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AAR. Why then, it seems; some certain snatch

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'Would you had hit it too;3

Then should not we be tir'd with this ado.
Why, hark

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hark ye, ye, And are you such fools, To square for this? That both should speed?

Would it offend you then


I'faith, not me.

passage that Titus Andronicus was not only the work of Shakspeare, but one of his earliest performances, because the stratagems of his former profession seem to have been yet fresh in his mind. I had made the same observation in King Henry VI. before I had seen his; but when we consider how many phrases are borrowed from the sports of the field, which were more followed in our author's time than any other amusement, I do not think there is much in either his remark or my own.-Let me add, that we have here Demetrius, the son of a queen, demanding of his brother prince if he has not often been reduced to practise the common artifices of a deer-stealer :-an absurdity right worthy the rest of the piece. STEEVENS.

Demetrius surely here addresses Aaron, not his brother. MALONE.

"'Would you had hit it too;] The same pleasant allusion oc-curreth also in Love's Labour's Lost, Vol. VII. p. 83. AMNER.

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To square for this?] To square is to quarrel. So, in A Midsummer-Night's Dream:

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"Again, in Drant's translation of Horace's Art of Poetry, 1567: "Let them not sing twixt act and act,

"What squareth from the rest."

But to square, which in both these instances signifies to differ, is now used only in the very opposite sense, and means to agree. STEEVENS.

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AAR. For shame, be friends; and join for that you jar.

'Tis policy and stratagem must do

That you affect; and so must you resolve;
That what you cannot, as you would, achieve,
You must perforce accomplish as you may.
Take this of me, Lucrece was not more chaste
Than this Lavinia, Bassianus' love.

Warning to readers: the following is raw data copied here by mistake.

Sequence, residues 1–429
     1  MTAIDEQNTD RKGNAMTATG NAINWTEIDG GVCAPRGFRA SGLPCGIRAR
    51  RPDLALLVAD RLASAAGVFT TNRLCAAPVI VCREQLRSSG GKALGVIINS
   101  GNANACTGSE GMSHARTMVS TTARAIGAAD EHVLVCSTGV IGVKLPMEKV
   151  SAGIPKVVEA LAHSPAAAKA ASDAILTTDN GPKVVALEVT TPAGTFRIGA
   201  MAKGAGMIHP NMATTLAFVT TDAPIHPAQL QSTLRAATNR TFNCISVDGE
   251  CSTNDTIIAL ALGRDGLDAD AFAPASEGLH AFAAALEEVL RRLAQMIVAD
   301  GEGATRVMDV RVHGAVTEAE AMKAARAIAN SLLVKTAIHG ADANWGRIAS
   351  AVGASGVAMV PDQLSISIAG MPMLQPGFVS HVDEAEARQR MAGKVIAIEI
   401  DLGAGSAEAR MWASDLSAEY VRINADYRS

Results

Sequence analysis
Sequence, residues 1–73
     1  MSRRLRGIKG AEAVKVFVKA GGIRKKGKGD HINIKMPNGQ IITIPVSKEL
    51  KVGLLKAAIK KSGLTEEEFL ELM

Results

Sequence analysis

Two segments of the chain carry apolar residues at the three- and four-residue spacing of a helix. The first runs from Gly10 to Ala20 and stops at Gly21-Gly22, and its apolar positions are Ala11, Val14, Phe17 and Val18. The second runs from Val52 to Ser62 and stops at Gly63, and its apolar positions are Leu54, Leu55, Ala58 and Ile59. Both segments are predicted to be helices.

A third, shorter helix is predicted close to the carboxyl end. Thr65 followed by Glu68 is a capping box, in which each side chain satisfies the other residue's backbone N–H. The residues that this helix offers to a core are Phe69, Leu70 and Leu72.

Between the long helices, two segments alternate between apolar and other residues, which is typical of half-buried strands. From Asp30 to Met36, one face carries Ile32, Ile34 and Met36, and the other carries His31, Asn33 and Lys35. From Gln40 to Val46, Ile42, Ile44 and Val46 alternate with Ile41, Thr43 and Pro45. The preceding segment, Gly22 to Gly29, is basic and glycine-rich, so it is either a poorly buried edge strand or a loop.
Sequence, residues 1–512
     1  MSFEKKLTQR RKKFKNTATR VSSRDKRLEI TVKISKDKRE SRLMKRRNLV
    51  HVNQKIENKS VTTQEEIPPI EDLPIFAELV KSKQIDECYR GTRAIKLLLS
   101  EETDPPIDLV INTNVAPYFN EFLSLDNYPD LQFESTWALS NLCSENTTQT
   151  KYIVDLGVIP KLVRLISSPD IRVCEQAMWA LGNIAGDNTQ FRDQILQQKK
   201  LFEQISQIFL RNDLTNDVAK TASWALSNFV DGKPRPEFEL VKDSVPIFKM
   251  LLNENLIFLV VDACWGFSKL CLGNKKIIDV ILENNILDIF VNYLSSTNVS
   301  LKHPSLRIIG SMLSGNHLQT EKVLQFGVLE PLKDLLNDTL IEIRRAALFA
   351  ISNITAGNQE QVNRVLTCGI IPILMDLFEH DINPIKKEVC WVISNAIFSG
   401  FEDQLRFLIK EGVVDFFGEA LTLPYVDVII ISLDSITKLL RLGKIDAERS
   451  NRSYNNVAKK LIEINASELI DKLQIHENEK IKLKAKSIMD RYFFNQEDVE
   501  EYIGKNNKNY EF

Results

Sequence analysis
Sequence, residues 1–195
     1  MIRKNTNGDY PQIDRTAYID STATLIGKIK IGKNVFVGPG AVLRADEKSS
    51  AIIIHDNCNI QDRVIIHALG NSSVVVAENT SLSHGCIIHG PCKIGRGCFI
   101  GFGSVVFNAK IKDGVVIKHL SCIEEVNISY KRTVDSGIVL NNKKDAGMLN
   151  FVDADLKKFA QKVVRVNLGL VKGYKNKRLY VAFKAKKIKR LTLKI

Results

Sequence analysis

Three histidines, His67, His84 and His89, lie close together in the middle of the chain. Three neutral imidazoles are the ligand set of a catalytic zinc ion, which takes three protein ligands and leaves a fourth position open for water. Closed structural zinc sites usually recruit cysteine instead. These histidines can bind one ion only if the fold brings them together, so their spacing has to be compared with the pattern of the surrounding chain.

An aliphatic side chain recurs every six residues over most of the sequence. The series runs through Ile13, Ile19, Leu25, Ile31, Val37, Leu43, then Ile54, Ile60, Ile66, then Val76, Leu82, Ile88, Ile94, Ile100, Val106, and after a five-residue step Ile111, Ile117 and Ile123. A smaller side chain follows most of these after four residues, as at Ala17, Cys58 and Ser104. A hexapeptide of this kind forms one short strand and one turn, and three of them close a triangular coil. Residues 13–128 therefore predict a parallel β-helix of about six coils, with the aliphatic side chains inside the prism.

A speedier course than lingering languishment*
Must we pursue, and I have found the path.
My lords, a solemn hunting is in hand;
There will the lovely Roman ladies troop;
The forest walks are wide and spacious;
And many unfrequented plots there are,
Fitted by kind" for rape and villainy:
Single you thither then this dainty doe,
And strike her home by force, if not by words:
This way, or not at all, stand you in hope.
Come, come, our empress, with her sacred wit,
To villainy and vengeance consecrate,
Will we acquaint with all that we intend;

A speedier course than lingering languishment-] The old copies read:

this lingering &c.

which may mean, we must pursue by a speedier course this coy languishing dame, this piece of reluctant softness. STEEVENS. The emendation was made by Mr. Rowe. MALONE.

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by kind-] That is, by nature, which is the old signification of kind. JOHNSON.

7 — with her sacred wit,] Sacred here signifies accursed; a Latinism:


Quid non mortalia pectora cogis, "Auri sacra fames?" Virg. Malone.


And she shall file our engines with advice,
That will not suffer you to square yourselves,
But to your wishes' height advance you both.
The emperor's court is like the house of fame,
The palace full of tongues, of eyes, of ears:9
The woods are ruthless, dreadful, deaf, and dull;
There speak, and strike, brave boys, and take
your turns: